“Truce or Consequences”
|Stars range from 5-1.|
Imagine. A time precisely 101 years ago when two enemy armies sharing common religious beliefs were able—in the midst of one of history’s most horrendously brutal wars—to briefly put down their arms and celebrate their mutual humanity and faith, even playing football (soccer), exchanging gifts, singing carols, and donning one another’s helmets, before resuming the slaughter. Something like this—with varying degrees of fraternization or military activity (including burials and prisoner swaps) at different locales—actually happened in France during one of the most unusual moments of World War I’s carnage, only five months after hostilities began.
This moment, when England’s Tommys and Germany’s Jerrys faced each other at Christmastime in freezing, wet, and muddy trenches across a couple of hundred yards on the Western Front, is the subject of British actor-playwright Alex Gwyther’s somber but disappointingly undramatic solo play, OUR FRIENDS, THE ENEMY, starring Mr. Gwyther under the direction of Tom O’Brien. The piece comes to Theatre Row’s Lion Theatre after a well-received 2013 run at London’s Wimbledon Studio Theatre, on tour, and at the Edinburgh Fringe Festival..
It was December 1914 when—at one frontline site after another—the spirit of the season spontaneously inspired what came to be called the Christmas Truce, a momentary (and unofficial) cessation of hostilities, created, not by the warring commanders or their governments, but by the men themselves (the Germans are said to have initiated it). Picture it: two dirty, cold, hungry, homesick armies—the wounded, dying, and dead nearby—laying aside their weapons by common consent to fraternize in no-man’s land during a momentary peace.
In a program note, Mr. Gwyther says he wrote the play because he felt “more people had to know about the Truce.” One might think, therefore, that he’s uncovered a little-known story begging for dramatization. In fact, whether you’ve heard of it or not, the Christmas Truce is a quite well-known part of the Great War’s lore and is deeply embedded in the cultural mythology associated with that conflict, including popular songs, movies, TV programs, and plays (one example of which has been performed at Minneapolis’s Pantages Theatre annually since 2008).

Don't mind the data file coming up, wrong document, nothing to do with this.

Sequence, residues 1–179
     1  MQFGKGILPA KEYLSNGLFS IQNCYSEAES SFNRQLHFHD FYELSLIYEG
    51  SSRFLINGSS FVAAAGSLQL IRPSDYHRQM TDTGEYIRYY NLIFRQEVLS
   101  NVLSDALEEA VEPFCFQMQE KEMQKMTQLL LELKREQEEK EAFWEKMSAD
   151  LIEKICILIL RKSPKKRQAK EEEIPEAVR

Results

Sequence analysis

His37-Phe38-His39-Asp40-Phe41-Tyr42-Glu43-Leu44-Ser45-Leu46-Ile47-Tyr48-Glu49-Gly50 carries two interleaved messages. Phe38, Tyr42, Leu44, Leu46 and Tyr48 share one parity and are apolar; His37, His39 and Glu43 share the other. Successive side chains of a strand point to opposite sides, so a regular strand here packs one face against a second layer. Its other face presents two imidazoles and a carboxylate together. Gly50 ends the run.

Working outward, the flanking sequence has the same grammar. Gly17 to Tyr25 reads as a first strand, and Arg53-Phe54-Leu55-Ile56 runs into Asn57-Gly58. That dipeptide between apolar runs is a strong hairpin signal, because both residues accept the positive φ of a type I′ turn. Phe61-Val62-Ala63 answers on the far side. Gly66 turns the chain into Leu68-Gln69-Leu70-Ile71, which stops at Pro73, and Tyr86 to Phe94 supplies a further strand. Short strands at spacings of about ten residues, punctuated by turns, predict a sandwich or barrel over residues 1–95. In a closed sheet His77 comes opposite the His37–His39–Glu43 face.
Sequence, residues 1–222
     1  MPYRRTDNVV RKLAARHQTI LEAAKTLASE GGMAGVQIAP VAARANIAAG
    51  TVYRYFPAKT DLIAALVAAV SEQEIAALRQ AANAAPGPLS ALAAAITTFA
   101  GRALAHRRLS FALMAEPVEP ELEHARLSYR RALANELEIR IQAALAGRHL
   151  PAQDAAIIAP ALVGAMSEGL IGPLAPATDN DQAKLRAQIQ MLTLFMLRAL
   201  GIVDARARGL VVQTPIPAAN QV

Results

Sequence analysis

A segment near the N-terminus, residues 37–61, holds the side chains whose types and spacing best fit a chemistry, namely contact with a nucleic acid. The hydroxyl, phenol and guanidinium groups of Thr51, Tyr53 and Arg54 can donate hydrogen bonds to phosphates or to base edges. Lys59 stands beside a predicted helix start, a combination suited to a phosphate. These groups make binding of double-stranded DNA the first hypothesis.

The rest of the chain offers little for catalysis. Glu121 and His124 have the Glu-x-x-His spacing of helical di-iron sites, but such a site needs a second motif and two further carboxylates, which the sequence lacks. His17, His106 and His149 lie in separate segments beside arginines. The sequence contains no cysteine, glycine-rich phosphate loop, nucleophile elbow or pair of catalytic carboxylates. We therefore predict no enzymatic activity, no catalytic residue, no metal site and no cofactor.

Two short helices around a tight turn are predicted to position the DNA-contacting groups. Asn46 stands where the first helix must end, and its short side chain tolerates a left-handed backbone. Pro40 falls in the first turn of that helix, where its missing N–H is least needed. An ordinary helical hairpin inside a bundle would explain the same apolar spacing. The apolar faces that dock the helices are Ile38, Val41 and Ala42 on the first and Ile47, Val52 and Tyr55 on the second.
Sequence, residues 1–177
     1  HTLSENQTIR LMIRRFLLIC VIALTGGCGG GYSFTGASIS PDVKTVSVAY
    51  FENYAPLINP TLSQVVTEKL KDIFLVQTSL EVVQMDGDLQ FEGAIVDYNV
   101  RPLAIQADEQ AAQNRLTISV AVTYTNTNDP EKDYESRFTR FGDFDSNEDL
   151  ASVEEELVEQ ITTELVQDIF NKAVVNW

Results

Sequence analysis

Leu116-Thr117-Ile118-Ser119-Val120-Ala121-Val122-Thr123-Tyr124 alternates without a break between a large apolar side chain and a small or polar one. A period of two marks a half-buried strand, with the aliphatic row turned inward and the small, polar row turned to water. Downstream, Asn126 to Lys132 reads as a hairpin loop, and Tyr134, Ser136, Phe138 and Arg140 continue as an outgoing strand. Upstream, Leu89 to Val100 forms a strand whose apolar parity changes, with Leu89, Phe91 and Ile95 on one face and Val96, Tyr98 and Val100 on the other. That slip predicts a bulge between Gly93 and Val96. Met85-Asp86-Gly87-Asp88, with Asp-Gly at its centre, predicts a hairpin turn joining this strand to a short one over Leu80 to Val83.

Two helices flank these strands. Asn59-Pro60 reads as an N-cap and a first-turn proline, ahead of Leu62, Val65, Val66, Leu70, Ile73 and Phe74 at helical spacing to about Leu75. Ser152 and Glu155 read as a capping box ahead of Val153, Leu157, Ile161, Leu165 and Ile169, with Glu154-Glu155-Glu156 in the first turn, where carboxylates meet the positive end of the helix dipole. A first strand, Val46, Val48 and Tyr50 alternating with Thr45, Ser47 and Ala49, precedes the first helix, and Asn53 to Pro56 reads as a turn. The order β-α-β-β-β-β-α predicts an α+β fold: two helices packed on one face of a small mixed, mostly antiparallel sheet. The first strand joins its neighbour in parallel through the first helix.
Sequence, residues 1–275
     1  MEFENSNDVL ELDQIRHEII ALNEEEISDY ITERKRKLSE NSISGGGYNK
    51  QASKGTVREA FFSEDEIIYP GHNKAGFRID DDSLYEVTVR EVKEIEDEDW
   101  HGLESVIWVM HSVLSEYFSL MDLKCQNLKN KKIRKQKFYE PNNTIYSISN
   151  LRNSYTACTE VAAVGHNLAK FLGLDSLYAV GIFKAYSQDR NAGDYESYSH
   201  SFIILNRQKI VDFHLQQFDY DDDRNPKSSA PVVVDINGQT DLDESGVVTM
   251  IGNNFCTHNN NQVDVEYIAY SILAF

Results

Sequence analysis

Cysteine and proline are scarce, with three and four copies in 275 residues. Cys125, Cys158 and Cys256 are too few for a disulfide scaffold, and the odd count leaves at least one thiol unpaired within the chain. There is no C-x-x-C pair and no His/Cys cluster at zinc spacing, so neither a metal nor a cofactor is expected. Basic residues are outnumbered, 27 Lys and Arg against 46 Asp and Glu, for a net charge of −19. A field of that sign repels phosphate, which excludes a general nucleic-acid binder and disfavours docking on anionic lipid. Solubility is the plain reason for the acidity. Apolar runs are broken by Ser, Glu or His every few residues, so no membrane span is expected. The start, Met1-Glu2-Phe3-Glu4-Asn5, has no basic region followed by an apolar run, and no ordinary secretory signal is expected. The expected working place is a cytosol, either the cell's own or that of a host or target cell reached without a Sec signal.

OUR FRIENDS, THE ENEMY takes place on a mostly bare black stage covered with earth, and using a minimum of props (whatever’s covering the ground can’t be seen from the theatre’s rear, where I was seated). Lighting designer David Goldstein keeps the atmospherics suitably moody and grim, often isolating Mr. Gwyther with gloomy shadows from below, and Darren Clark provides a musical background of gentle piano tinkling that, at first, sounds like someone’s IPhone going off. During the preshow moments, Mr. Gwyther, a good-looking young man, dressed in a filthy uniform and a soft military cap (no helmet?), busies himself with his rifle and other mundane things, but when the piece proper begins—and when it ends—he’s got his hands behind his head, praying, as if waiting to be shot.
He’s Private James Boyce, 1st Queens Regiment, Surrey, and he soon begins recounting his experiences directly to us (who we are is not mentioned), occasionally citing specific dates (beginning December 19, 1914, and then shifting to December 24) to mark the way, as if the words come from a diary. He speaks of his soldier friend, George, of their casual conversations, of his rations, his hardships, the preparations for a coming attack, and so on, giving us a sense of what the British cannon fodder were experiencing in the trenches on a day to day basis during the first Christmas season of the war. He also tells us of similar concerns on the German side, “a grenade’s throw away,” thus giving him a narrative omniscience and diminishing the idea that we’re hearing the firsthand account of an actual person. This transfer from the personal to the universal goes back and forth throughout.
As the narrative continues, we learn of his encounter with German soldiers while foraging at a barn, of his inability to shoot an enemy counterpart in cold blood, and of their agreement to continue such secret meetings. He describes how the Brits and Germans are tentatively celebrating the holiday, moving the story from his own location to what was happening at the same time at battlegrounds elsewhere on the front, something he could, of course, have had no idea of at the time. Meanwhile, the bombs and gunfire (none of which are audible) continue to rain death on both sides. Gifts arrive on Christmas day, the enemies cautiously come together, cigarettes are shared along with gripes about the hellish conditions, various amusements help pass the time, and corpses are laid to rest, but the moment passes, and the apocalypse returns
The story is profoundly powerful, but its heartbeat rests in incidental moments, not in a cumulatively engrossing drama; instead, an elegiac mood takes precedence over dramatic development. Sincere as are Mr. Gwyther’s intentions, they never coalesce into an emotional fireball. His soft-voiced delivery, except for a few moments of heightened feeling, has a monotonous sameness that, even for a performance only 55 minutes long, borders on the tedious. The soldiers Mr. Gwyther honors endured godforsaken agonies we can only guess at, but OUR FRIENDS, THE ENEMY barely conveys either their discomforts or the sharply contrasting comfort that the Christmas Truce surely must have brought them.
410 West Forty-Second Street, NYC
Through December 20